The Reserve bank of India, the country’s Monetary Authority, has been caught napping while the country has been in the grip of one failed financial institution after another. The failings are not in the case of financial institutions alone but also several banks that have gone bust in recent years.
The RBI has and plays a major role as the banking regulator, and yet under this role of the RBI, it has completely failed to uphold its role as a banking regulator.
In the last two years, the country has been rocked by an innumerable number of banking scams, and the RBI has been unaware and caught napping when it comes to playing its role as a banking regulator. This failure on the part of RBI is not recent; it has been repeatedly and unceasingly caught napping and “unaware” of such dealings in the banking space.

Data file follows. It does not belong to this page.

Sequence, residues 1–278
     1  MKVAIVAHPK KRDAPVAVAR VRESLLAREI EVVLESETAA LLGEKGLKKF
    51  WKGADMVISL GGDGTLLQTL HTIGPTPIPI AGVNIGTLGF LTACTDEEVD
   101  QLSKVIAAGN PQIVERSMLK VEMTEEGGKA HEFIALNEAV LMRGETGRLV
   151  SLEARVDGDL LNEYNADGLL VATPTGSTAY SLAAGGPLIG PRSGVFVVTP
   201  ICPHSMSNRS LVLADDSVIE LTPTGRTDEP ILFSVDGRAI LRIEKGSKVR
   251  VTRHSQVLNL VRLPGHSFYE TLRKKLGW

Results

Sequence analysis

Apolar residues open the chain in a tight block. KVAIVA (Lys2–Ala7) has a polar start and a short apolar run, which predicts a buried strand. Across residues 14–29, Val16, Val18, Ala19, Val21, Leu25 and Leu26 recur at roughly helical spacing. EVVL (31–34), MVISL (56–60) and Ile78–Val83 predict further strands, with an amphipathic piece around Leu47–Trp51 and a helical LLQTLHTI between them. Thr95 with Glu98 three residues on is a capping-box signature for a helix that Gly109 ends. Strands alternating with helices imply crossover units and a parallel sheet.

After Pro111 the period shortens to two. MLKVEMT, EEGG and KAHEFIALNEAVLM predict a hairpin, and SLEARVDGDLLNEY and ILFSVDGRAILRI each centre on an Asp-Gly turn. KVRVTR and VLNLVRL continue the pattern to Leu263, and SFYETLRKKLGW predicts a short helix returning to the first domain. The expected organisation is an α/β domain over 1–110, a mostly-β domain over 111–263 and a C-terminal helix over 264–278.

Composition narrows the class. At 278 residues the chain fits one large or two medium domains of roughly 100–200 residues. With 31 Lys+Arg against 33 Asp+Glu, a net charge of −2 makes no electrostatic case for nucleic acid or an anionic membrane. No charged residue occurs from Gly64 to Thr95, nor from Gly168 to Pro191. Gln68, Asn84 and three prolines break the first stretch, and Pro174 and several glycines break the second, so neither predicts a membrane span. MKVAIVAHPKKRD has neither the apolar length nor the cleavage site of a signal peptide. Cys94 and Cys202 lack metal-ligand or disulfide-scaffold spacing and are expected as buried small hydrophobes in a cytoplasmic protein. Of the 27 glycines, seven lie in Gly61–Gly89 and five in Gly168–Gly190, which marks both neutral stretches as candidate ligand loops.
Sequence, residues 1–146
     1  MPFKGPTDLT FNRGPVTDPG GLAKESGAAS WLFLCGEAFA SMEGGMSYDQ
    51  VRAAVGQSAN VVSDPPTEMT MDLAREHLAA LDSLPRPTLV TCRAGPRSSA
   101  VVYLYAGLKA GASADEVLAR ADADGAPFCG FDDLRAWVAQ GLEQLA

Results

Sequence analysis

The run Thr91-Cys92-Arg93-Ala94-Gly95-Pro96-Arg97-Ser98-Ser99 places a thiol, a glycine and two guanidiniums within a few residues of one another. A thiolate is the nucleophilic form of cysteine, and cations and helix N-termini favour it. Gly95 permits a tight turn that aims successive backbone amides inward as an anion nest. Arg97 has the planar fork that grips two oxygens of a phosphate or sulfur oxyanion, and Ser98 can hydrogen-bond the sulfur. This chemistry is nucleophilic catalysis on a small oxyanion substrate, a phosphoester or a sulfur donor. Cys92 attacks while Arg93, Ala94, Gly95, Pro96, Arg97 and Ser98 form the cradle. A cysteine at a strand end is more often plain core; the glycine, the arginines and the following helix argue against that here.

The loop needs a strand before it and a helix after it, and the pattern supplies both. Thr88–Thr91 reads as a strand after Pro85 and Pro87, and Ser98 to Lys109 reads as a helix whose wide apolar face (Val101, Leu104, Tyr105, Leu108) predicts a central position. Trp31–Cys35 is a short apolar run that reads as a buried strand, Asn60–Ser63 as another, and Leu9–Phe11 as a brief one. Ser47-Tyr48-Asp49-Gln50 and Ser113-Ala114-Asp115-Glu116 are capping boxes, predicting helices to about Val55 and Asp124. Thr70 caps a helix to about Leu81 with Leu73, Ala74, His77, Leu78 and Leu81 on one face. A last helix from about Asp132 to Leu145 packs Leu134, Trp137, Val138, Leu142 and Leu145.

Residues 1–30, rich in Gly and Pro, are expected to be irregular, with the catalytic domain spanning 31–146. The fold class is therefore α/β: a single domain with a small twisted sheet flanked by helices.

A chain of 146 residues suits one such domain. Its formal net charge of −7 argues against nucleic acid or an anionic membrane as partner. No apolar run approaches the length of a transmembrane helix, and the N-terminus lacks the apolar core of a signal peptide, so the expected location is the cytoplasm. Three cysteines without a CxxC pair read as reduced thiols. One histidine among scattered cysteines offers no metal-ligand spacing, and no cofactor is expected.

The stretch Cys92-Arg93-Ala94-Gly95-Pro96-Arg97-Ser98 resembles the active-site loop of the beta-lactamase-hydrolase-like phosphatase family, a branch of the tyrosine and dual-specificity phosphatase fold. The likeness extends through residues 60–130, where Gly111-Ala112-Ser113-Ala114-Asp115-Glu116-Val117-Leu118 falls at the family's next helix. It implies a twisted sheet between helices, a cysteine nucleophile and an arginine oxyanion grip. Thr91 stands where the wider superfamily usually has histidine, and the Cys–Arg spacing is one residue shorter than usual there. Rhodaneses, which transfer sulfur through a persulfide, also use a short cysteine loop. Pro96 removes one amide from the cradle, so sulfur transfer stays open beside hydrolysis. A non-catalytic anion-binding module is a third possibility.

The question here is why the RBI has never been held accountable for the failures it has registered not once but several times through the decades. It failed to recognize the improper dealings in several of these banks and financial institutions.
Also, the RBI officials under whose purview the workings of financial institutions and banks fall have failed to perform their role as a banking regulator. They have never been questioned or held accountable.
Through the decades, the RBI has systematically and continuously escaped all forms of inspection and any form of accountability.
Through the years, several have tried to file a PIL and to hold RBI accountable. Still, RBI has managed to avoid all such PIL’s to date and has never been under any form of public scrutiny, questioning, or accountability.